Out with the old acronym, in the with the new.
President Donald Trump said that the U.S. has completed its renegotiation of the North American Free Trade Agreement, NAFTA, and struck a new deal with the border countries of Canada and Mexico.
A U.S.-Mexico agreement was largely reached two weeks ago and on Monday (Oct. 1), negotiators announced that a U.S.-Canada deal has been reached. The new agreement will be called the United States–Mexico–Canada Agreement, or USMCA.
According to a White House statement and information provided by the U.S. Trade Representative’s office, the new USMCA would:
- Require 75% of auto manufacturing content to be produced in North America;
- Add rules to incentivize the use of high-wage manufacturing labor in the auto sector;
- Eliminate Canada’s “Class 7” program that allows lower priced dairy products in the U.S.;
- Keep the NAFTA provision of zero agricultural tariffs between the three countries;
- Modernizes intellectual property rights, including pharmaceutical and biologic drugs; and
- Institutes new rules on data transfer across borders.
A joint statement from U.S. Trade Representative Robert Lighthizer and Canadian Foreign Affairs Minister Chrystia Freeland read:
“Today, Canada and the United States reached an agreement, alongside Mexico, on a new, modernized trade agreement for the 21st Century: the United States-Mexico-Canada Agreement (USMCA). USMCA will give our workers, farmers, ranchers and businesses a high-standard trade agreement that will result in freer markets, fairer trade and robust economic growth in our region. It will strengthen the middle class, and create good, well-paying jobs and new opportunities for the nearly half billion people who call North America home.”
IMPACT ON ARKANSAS, REACTION
While specifics of the USMCA were not released and state-level impacts are not available, the restructuring of NAFTA, which went into effect 24 years ago, could have a major impact on Arkansas.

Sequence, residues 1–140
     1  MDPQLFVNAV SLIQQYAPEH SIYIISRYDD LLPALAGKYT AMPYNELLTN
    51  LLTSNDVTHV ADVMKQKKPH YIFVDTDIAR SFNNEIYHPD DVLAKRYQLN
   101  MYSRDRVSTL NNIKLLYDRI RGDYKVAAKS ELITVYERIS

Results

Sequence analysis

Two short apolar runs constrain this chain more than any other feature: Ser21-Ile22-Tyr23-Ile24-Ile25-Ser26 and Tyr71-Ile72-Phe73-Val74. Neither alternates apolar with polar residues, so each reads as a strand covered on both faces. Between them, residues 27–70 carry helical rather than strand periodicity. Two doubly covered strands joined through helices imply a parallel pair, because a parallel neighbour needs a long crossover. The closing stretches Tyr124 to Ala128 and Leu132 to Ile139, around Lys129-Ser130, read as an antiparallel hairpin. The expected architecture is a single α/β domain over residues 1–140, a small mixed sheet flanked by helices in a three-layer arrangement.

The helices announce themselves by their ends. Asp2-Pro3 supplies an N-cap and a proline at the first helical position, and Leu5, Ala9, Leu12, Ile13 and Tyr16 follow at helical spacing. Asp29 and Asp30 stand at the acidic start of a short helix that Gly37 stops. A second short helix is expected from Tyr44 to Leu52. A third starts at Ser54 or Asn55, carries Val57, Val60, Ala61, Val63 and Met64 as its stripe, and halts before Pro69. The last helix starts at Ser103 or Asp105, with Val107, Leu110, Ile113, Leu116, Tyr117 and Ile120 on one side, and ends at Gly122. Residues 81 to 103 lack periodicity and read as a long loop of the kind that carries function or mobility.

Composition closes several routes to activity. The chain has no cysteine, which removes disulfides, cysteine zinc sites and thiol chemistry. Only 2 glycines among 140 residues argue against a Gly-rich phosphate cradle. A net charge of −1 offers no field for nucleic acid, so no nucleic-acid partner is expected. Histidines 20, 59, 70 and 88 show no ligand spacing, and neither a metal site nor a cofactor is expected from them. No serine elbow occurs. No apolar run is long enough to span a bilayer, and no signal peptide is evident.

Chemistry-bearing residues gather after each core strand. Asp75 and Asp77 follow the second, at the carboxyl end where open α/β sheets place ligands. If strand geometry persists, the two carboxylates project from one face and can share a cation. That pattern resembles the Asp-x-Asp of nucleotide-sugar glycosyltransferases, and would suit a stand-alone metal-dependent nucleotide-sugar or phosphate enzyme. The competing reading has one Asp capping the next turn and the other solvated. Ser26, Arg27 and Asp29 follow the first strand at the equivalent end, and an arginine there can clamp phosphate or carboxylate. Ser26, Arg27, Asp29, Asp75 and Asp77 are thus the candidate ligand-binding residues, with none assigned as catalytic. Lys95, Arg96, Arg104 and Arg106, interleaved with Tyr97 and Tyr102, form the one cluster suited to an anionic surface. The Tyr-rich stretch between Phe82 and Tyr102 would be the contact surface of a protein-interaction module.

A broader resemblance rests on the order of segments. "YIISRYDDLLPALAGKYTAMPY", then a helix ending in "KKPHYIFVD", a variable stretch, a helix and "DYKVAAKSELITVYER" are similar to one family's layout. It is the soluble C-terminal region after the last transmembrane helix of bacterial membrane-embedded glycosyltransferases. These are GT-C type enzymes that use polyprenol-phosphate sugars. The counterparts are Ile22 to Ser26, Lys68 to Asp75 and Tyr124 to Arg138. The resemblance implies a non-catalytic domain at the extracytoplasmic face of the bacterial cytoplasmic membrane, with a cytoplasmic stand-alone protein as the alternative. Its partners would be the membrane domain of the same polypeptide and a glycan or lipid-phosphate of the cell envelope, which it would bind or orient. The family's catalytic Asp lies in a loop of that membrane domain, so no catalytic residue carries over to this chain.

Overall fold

Canada is Arkansas’ top trading partner overall with nearly 69,000 Arkansas jobs dependent on the neighbors to the north. Another 41,000 jobs are affected by trade with Mexico. According to the World Trade Center Arkansas, Arkansas exports roughly $1.3 billion in goods to Canada and another $182 million in services.
The five largest markets for agricultural exports from Arkansas are Mexico (27%), Canada (16%), Haiti (10%), Hong Kong (6%) and Guatemala (5%), according to Agriculture & Agri-Food Canada.
Members of Arkansas’ Congressional delegation was positive, but cautious as members awaited more details.
Sen. John Boozman, R-Ark., said, “The announcement that a trade agreement has been reached with Canada and Mexico is very promising news and creates a sense of certainty for Arkansas’s manufacturers, small businesses and agriculture industry. Our neighbors to the north and south are our natural allies and trading partners, but that partnership must be mutually beneficial. I am pleased that Canada and Mexico came to the negotiating table, and together we were able to come to an agreement. America can compete with any nation in the world when the playing field is level. I welcome this announcement and look forward to reviewing the details of the agreement in depth to ensure it can achieve that goal.”